We have also updated the answers to our most frequently asked questions (FAQs) regarding ITP and the Covid-19 vaccines. These can be downloaded here >>>
There has been a steady stream of positive news regarding the trials and rollout of the various Covid-19 vaccines in recent weeks, this has also resulted in questions from ITP patients.
Questions such as, I have ITP, will I be able to have one of the vaccines? or Will I be limited to one particular vaccine over another?
It is still early days and not all of the trial data is available, but Professor Adrian Newland has kindly given us his assessment of the current position, which for everyone, including those with ITP is looking more hopeful.
Covid-19 vaccination. Assessment by Prof. Adrian Newland
There looks to be some relief on the way as we now have sight of 3 potential vaccines against Covid-19. All slightly different, which is a good thing, which means the virus will be attacked in different ways.
The data on the Oxford/Astra Zeneca vaccine looks promising. The pharmaceutical company, Pfizer, has also developed a vaccine that has shown to be 90% effective and we have seen more data on that. Protection is apparently achieved 28 days after the initiation of the vaccination, which consists of two doses given 21 days apart. The vaccine has already been through Pfizer’s own trial and enrolled more than 40,000 people from across the world. 41 per cent of these participants are aged between 56 and 85 years old and it's really encouraging to know that the Pfizer vaccine seems to work on older people as effectively as in younger ones.
Although the full trial data has yet to be published on any of the vaccines, the companies all say that there have been no serious safety concerns.
It is natural to have questions about the safety of a vaccine produced so quickly. However, it is important to say that the vaccines will have to meet strict safety criteria in order to satisfy the MHRA, the UK's regulator of medicines and medical devices, responsible for ensuring their safety, quality and effectiveness. The MRHA will also seek advice from the Government’s independent advisory body, the Commission on Human Medicines. The Commission will also critically assess the data on the vaccines before advising the UK Government on the safety and quality of this vaccine. It is important to understand that their development has been based on much work that was already underway. The speed of development and size of the trials have reflected the enormous effort and funding that has gone into the whole process and corners have certainly not been cut.
The data on the vaccine will also be reviewed by the US Food and Drug Administration and the European Medicines Agency for approval, which are the counterpart regulatory bodies in the USA and Europe.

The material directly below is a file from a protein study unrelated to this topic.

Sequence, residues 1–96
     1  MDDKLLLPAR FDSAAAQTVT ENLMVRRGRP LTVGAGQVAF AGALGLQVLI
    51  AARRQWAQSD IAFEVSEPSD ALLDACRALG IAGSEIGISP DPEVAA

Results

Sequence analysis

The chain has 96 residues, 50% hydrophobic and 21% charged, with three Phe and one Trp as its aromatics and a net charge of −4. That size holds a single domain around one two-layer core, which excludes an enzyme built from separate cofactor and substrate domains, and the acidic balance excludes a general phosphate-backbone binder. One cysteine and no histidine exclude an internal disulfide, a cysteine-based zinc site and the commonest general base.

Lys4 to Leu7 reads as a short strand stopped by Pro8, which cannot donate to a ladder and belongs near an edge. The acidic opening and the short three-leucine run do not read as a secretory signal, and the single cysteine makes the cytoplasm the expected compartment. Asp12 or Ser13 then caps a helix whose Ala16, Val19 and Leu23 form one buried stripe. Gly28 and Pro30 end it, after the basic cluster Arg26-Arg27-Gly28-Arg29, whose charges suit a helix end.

The news of this vaccine is obviously encouraging and can hopefully guide us out of this pandemic, but the full safety data of the vaccine still needs to be examined carefully by the regulatory bodies to ensure its safe for the general public and we await this news with cautious optimism. We hope that the first batches will be approved for use later in December.
We do not yet know who will be offered the vaccines in the first instance, but it is unlikely that a diagnosis of ITP alone will be sufficient. Although the intention is that as many of the population as possible will be offered one of the vaccines eventually, the early categories will be guided by age, other susceptibilities and probably to key workers. We will have to wait government guidance on this.
There is nothing to suggest, at the moment, that one will be better than another and I suspect which vaccine is used will depend on availability. The Oxford/Astra Zeneca vaccine will be cheaper and easier to handle as it does not need storage at very low temperatures. The third product, from a company called Moderna, is also on track but will probably concentrate its first launch in the USA as it was developed with support from the US Department of Health. It is also the most expensive.
All three vaccines will be safe for patients with ITP. None are produced from live virus so there is no risk from that point of view and there is no need to favour one over the other. All will be given by injection and this may pose some risk of local bleeding in patients with platelet counts below 10 but we feel that, with local pressure and precautions during the vaccination, no patient should be excluded from receiving the potential benefits.